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Asset price bubble

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An asset price bubble is characterised by a surge in prices that raises expectations of further increases that generate a succession increases until confidence falters, the bubble "bursts", and prices rapidly revert to an objectively-based level. That is the pattern of events which has characterised hundreds of episodes from the "South Sea Bubble" of the 17th century to the housing bubbles of the early 21st century. In many instance their effects have been transitory and localised, but some have caused extensive economic damage.


Contents

The causes of bubbles

Herding

Psychological experiments have demonstrated an inherent human tendency to unconscious herding, and there is evidence to suggest that herding is characteristic of the conduct of both institutional and stock market operators on the stock exchange [1]. That conduct may be considered irrational but it has been shown that herding can be rational and that rational herding can generate reinforcing information cascades [2]. Information cascades have been observed in other contexts , and the herding behaviour with which they are associated has characterised the conduct of the subjects of many experimental studies of human behaviour[3]. One surge in share prices has been termed "irrational exuberance"[4], and that term has since been applied to other episodes, but whether the word "irrational" is really justified turns on the choice of interpretation.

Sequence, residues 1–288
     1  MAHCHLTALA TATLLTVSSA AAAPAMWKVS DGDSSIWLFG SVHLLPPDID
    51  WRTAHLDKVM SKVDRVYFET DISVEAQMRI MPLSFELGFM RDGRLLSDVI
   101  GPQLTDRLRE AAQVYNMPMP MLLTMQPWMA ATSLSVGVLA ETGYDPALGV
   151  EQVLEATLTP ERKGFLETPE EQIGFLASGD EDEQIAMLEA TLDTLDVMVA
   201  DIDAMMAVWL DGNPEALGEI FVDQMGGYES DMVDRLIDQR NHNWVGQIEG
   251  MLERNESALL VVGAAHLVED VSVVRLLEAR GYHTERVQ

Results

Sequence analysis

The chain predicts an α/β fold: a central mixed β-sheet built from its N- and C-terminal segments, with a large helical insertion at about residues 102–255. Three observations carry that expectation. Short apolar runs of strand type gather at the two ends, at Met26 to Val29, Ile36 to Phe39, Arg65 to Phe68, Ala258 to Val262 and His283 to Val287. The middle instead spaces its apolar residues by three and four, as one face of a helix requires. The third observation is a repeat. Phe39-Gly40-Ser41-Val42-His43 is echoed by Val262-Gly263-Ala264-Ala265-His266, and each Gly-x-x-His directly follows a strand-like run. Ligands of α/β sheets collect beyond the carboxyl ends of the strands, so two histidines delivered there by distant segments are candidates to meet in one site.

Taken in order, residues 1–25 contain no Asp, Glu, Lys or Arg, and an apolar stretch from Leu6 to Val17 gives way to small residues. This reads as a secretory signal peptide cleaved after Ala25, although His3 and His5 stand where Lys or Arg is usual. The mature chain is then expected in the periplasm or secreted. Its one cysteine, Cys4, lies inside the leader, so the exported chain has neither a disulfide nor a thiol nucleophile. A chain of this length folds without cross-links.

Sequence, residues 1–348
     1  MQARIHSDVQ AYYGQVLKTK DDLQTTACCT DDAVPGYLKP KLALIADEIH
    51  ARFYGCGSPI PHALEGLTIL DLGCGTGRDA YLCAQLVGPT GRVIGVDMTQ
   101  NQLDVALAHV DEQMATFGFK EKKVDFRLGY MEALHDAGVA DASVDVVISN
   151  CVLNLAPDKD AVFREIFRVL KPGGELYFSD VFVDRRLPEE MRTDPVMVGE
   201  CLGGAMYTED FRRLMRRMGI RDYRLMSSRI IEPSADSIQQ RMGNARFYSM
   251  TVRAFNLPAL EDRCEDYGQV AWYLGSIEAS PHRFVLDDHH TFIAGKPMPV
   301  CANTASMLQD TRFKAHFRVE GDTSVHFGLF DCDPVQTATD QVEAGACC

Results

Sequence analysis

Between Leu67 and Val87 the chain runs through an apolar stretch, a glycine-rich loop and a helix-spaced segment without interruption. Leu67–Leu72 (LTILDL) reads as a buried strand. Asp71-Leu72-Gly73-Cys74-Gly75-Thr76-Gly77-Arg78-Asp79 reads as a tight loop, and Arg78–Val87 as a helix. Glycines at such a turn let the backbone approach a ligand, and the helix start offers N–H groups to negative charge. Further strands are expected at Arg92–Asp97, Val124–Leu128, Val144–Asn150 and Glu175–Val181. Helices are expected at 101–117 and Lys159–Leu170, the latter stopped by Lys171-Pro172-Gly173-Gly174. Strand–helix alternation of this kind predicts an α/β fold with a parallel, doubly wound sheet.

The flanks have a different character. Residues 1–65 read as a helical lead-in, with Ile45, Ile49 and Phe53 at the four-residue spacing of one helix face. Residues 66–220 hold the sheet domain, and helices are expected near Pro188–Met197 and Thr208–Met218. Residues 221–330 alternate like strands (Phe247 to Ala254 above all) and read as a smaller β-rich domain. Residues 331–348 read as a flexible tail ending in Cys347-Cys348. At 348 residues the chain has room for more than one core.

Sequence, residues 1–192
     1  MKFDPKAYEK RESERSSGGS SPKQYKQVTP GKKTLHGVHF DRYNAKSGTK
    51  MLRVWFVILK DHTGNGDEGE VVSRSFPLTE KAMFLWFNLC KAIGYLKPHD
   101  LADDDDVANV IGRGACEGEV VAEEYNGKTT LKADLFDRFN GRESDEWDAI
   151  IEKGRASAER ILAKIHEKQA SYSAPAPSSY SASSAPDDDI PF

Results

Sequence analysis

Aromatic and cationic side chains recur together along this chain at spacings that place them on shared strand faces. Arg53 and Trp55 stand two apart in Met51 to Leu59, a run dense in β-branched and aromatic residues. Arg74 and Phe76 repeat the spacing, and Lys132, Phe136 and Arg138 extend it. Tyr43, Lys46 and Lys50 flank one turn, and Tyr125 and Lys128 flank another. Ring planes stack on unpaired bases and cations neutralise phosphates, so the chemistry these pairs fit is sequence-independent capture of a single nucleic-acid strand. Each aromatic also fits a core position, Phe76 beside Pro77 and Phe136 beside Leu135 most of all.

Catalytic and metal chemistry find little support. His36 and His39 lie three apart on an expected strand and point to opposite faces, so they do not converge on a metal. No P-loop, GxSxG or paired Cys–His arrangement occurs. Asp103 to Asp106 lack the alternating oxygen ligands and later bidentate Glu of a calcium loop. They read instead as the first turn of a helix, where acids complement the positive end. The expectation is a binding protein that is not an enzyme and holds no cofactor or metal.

Herding behaviour has often been attributed to ill-informed noise traders, but John Maynard Keynes, himself a successful investor, has attributed it also to professional investors:

"professional investment may be likened to those newspaper competitions in which the competitors have to pick out the six prettiest faces from a hundred photographs, the prize being awarded to the competitor whose choice most nearly corresponds to the average preferences of the competitors as a whole; so that each competitor has to pick, not those faces which he himself finds prettiest, but those which he thinks likeliest to catch the fancy of the other competitors, all of whom are looking at the problem from the same point of view." [5]